Even drivers spending just two minutes crossing the Route 2 bridge over the bay will see its eventual results.
“One of the bridge openings, part of that will be where water will be able to flow back and forth through the wetland, where east Sandusky Bay and west Sandusky Bay meet,” Mackey said. “We’re not shutting anything off there, but we’re moving some of the water through this complex not only promoting fish movement in and out of the system, but also trapping some of the sediments and process nutrients as well. There are multiple benefits we’re designing for.
Build it and they will come
Bryan Edwards is director of marketing at Lake Erie Shores and Islands—Erie and Ottawa counties’ tourism agency—and he couldn’t be happier at the prospect of nearly a decade of wetlands construction in the area.“When most people think of wetlands and marshes they think of the ecosystem, but figures were just released that state more than 100 million people go hunting, fishing and nature watching, like birding. So by establishing and re-establishing these areas, they’re perfect for fish breeding and birds and wildlife. I believe it will have a huge impact on tourism not just here in Sandusky but in the entire region,” he said, pointing out that a number of paddle sports and fishing access points will be created, including along the long causeway to Cedar Point.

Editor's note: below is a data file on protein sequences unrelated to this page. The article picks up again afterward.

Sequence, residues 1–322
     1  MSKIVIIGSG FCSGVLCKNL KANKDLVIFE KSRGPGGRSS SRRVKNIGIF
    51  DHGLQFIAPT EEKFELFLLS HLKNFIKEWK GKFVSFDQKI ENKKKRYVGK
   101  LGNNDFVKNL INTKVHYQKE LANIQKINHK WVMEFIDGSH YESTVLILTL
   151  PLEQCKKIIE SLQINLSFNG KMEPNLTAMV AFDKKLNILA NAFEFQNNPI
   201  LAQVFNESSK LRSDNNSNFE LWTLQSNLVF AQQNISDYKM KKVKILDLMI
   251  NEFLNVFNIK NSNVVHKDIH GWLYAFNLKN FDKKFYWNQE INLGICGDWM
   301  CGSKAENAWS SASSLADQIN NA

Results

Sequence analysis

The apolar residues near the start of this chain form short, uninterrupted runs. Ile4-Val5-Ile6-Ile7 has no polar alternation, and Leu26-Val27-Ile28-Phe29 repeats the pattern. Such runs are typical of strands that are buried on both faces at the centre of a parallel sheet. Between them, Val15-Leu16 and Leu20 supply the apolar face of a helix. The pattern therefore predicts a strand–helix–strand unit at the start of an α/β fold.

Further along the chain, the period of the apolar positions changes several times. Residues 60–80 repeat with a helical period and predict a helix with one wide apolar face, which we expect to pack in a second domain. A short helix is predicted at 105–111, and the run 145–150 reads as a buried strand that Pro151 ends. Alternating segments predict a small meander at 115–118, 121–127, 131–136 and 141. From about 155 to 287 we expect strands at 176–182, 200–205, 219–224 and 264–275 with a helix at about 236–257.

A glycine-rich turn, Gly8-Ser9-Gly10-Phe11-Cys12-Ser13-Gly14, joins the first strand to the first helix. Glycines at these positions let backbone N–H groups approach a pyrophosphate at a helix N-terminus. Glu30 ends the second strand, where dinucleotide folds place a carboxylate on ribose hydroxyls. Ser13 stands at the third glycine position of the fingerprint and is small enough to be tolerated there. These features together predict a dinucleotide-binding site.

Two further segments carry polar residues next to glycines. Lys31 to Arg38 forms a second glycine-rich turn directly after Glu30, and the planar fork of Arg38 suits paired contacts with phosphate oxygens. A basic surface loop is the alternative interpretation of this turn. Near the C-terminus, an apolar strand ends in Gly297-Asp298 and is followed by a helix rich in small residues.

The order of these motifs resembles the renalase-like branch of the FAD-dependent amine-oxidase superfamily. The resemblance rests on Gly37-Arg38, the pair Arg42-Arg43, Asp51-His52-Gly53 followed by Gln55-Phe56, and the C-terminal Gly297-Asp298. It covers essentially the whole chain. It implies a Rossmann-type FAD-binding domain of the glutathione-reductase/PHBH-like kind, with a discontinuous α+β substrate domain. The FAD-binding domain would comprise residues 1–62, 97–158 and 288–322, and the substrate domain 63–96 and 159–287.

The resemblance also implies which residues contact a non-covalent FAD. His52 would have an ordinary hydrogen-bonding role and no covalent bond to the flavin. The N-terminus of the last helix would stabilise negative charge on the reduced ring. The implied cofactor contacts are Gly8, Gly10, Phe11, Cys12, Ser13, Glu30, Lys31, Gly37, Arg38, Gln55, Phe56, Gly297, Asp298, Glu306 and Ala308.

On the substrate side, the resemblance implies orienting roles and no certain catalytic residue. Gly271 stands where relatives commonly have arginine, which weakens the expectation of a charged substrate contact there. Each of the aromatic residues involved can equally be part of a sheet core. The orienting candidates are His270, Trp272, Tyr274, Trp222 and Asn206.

Edwards, who grew up on the bay, said seeing natural wetlands return in the area will only enhance visitor experiences.
“This area is known for boating and water-related activities, and so this will be great for tourism and a great benefit for all locals as well.”
Mackey said enhanced monitoring work and data collection has been ongoing in anticipation of the project and will continue throughout and after completion to gauge whether the desired effects of the initiative are obtained.
“We want to make sure that what we do we do right and that’s everything is well-designed,” Mackey said. “It’s going to take a little time to get there, but I really think we’re definitely on the right path.”